(This was one of my latest realisations, now in my early fifties!...)
 

Offline A Hellene

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Re: Rigol DS1052E nasty surprise!
« Reply #56 on: July 17, 2011, 05:23:59 pm »
Squonk, thank you once more for pointing out the errors and omissions in my schematics!
Creating schematic sheets is an art; but my copy&paste skills seems to be getting worse, especially when my time is limited...

Anyway, I corrected the diode omission in the trigger front-end sheet and made a clarification in the S&H one, where it is now clear that the S&H capacitors are not next to the demultiplexing chips; actually, they are located next to the buffer inputs to avoid the long line noise or any oscillations.
Please, download them again.

More on your comments in a following message.


-George
Hi! This is George; and I am three and a half years old!
(This was one of my latest realisations, now in my early fifties!...)
 

Offline A Hellene

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Re: Rigol DS1052E nasty surprise!
« Reply #57 on: July 17, 2011, 05:55:04 pm »
Ah, that's easy --and it gets even easier if you have to create from scratch the components your CAD software does not already include within its installed libraries!

It is obvious, though, that these schematics are drafts: They are even drawn not in graph-paper (for better alignment purposes) but in blank printer-paper sheets (that are not eraser-friendly) I have in abundance!


-George
« Last Edit: July 17, 2011, 06:31:18 pm by A Hellene »
Hi! This is George; and I am three and a half years old!
(This was one of my latest realisations, now in my early fifties!...)
 

Offline A Hellene

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Re: Rigol DS1052E nasty surprise!
« Reply #58 on: July 19, 2011, 06:47:38 am »
Re-edited the message above, to add another sheet of the Trigger/Comparator schematics.


-George
Hi! This is George; and I am three and a half years old!
(This was one of my latest realisations, now in my early fifties!...)
 

Offline saturation

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Re: Rigol DS1052E nasty surprise!
« Reply #59 on: July 20, 2011, 03:34:11 pm »
Same here, Hellene is the wizard worth watching ;)

I still like pencil schematics, fast and easier ... schematic tools are nice for presentations and PCB outsource work, but less for works in progress and hacking!

Wonderful!

I am following each schematic release with much more interest than in Harry Potter's next episode ;D

Best Wishes,

 Saturation
 

Offline tinhead

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Re: Rigol DS1052E nasty surprise!
« Reply #60 on: July 20, 2011, 04:21:38 pm »
I still like pencil schematics, fast and easier ... schematic tools are nice for presentations and PCB outsource work, but less for works in progress and hacking!

sure, but when they start to be more complex (like whole DSO) you lose the game. I just finalized (first turn,
will check again all connections just due complexity) FPGA/SRAM/DRAM/NAND/SoC section of HanTekway DSO
schematic, without proper schematic tool i would get crazy.
I don't want to be human! I want to see gamma rays, I want to hear X-rays, and I want to smell dark matter ...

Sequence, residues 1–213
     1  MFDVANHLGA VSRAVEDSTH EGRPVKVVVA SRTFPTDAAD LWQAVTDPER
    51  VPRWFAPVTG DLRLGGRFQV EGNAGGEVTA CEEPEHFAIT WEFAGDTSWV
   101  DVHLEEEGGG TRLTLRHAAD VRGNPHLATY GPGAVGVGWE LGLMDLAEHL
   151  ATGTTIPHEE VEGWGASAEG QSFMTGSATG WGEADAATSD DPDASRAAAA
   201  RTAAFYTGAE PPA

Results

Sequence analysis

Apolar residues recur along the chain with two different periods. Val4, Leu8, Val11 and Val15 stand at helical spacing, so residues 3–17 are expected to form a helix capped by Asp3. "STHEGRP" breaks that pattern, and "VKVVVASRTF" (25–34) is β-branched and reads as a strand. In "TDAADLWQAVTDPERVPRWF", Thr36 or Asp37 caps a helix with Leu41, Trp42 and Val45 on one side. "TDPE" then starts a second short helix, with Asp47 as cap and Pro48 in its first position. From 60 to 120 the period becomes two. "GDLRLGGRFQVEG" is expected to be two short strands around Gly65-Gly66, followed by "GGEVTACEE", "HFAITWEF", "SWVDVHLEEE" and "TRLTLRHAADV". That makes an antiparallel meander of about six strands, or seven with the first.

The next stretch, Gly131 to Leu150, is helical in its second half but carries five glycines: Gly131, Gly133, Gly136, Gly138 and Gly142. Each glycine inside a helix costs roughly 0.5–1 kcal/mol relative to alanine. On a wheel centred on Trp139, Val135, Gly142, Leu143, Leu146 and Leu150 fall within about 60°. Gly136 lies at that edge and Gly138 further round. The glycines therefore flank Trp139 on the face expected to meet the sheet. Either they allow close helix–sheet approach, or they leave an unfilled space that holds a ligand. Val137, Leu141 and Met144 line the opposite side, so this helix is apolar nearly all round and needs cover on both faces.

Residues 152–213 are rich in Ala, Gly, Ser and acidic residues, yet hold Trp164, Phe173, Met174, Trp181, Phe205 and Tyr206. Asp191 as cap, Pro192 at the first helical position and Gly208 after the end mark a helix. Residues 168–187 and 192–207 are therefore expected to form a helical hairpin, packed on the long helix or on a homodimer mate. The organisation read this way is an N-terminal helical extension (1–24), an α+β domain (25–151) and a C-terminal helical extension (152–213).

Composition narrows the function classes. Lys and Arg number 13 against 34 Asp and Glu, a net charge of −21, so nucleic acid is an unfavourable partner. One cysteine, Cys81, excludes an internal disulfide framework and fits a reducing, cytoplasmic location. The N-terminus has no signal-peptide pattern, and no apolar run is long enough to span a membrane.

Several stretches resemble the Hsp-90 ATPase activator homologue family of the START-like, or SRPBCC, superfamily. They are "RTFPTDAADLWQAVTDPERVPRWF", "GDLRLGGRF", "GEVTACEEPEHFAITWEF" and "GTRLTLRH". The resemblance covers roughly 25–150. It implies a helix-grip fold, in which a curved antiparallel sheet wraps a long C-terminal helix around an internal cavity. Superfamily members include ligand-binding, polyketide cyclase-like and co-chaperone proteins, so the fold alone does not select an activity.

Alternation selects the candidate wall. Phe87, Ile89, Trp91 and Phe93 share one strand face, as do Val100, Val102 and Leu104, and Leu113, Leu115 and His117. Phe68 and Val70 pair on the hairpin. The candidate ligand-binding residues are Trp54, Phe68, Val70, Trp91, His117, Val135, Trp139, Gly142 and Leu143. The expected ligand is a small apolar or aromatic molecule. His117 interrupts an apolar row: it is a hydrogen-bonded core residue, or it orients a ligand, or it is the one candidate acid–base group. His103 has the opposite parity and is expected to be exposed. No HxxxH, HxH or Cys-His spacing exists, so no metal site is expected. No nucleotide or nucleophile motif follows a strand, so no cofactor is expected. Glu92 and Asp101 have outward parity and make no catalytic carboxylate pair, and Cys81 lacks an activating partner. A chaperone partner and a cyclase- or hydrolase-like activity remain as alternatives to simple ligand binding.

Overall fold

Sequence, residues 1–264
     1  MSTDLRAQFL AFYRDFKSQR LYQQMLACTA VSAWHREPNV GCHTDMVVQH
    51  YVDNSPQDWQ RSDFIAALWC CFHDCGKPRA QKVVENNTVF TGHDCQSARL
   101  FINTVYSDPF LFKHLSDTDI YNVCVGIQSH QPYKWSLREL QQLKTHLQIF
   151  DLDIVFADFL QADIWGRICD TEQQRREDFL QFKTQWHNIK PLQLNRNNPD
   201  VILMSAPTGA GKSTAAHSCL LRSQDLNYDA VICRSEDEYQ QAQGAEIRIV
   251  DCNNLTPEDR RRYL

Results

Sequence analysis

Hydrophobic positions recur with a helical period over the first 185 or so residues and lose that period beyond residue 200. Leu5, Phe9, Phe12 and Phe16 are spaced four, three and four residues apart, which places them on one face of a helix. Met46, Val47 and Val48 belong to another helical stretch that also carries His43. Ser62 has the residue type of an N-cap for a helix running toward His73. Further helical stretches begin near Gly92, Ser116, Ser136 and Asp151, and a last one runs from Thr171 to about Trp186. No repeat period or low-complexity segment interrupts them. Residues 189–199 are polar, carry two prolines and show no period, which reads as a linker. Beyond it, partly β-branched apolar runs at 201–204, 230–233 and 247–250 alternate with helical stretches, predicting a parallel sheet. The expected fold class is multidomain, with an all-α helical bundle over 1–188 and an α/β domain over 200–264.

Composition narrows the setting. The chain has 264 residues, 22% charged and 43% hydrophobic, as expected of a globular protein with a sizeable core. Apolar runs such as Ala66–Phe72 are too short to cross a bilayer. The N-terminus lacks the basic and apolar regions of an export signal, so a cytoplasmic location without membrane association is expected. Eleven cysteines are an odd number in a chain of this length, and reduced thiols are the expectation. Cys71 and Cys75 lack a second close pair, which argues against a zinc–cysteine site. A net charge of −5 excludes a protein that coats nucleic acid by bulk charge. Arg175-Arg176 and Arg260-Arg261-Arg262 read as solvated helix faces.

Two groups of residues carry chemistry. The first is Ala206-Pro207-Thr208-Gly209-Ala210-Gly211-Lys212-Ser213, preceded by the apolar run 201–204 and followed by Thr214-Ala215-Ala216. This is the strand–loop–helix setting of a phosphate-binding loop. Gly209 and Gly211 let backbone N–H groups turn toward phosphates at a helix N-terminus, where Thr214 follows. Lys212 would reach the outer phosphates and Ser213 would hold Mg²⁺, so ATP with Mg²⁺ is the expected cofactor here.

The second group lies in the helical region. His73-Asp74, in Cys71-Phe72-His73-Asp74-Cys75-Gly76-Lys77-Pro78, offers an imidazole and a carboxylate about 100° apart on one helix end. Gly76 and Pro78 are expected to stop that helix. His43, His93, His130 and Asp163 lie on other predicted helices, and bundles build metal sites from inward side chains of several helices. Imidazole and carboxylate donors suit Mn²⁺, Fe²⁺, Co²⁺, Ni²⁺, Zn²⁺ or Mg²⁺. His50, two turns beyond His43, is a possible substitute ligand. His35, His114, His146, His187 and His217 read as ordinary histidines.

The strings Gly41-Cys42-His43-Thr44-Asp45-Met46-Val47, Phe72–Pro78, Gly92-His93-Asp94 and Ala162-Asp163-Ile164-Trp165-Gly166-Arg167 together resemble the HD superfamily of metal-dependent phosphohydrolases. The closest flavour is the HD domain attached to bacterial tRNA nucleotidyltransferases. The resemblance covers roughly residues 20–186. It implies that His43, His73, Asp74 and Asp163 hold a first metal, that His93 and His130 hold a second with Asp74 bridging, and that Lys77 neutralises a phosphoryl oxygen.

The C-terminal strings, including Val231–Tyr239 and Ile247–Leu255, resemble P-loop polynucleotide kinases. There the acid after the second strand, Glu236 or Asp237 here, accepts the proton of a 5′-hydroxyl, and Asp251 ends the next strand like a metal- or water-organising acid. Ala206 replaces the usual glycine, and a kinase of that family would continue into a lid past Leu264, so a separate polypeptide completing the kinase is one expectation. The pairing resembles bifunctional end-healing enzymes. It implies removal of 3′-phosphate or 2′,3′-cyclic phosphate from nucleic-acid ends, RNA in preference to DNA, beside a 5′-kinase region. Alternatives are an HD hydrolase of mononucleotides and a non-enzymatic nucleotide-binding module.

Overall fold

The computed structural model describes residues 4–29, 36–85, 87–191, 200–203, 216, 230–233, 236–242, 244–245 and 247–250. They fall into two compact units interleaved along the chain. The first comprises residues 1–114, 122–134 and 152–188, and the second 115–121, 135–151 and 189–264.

I want to reach out with something other than these prehensile paws and feel the solar wind of a supernova flowing over me.
 

Offline A Hellene

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Re: Rigol DS1052E nasty surprise!
« Reply #61 on: July 22, 2011, 02:11:22 pm »
Well, this is how it is: I have had a 256GB Crucial M4 SSD (a real rocket!) in my hands for almost a month, watching it collecting dust in a corner of my office, impatiently awaiting to see what this babe can do in my three years old PC box (one of the first eight-threaded quad core Intel i7 920 with blazing fast triple-channel memory of the lowest possible DDR3 latency, overclocked everything, including the buses, at 135% and going strong on a 24/7 basis since the time it was assembled!).

Since my system was very well tuned, I was extremely hesitant to be setting up again and configuring everything (the OS plus the programs plus their data plus their settings plus -you name it) from scratch, for the next ten days or so; I usually set up the system once, only when I change the motherboard or the OS. If I was running WinXP x64, migrating the whole system to a new HDD would be like going for a walk in the park; but Win7-x64 ostensively refused to copy the whole setup to a HDD of a different serial number! Thank you, again, M$... Anyway, I finally managed to migrate the system successfully to this blazing-fast SSD and the results were more than satisfactory; they were beyond any expectation! Even though I had my previous system installed on a Black-family Western Digital HDD (one of the fastest and most reliable commercial-grade drives with 5 years warranty)! I was amazed with the unexpected responsiveness my three years old system reacts to any of my commands, after the installation of the aforementioned SSD!

Well, I guess that now it is time for me to play with my other toys; and the forgotten and dismantled DS1052 came to my mind! I have purchased fresh flux and solder paste to reflow (meaning to de-solder, clean up, re-ball with 62/36/2 solder, and finally re-solder in place) the BGA package! But I am hesitating to do it because I know that I will be tempted to leave the FPGA un-soldered untill I draw the schematics of the digital section, as well...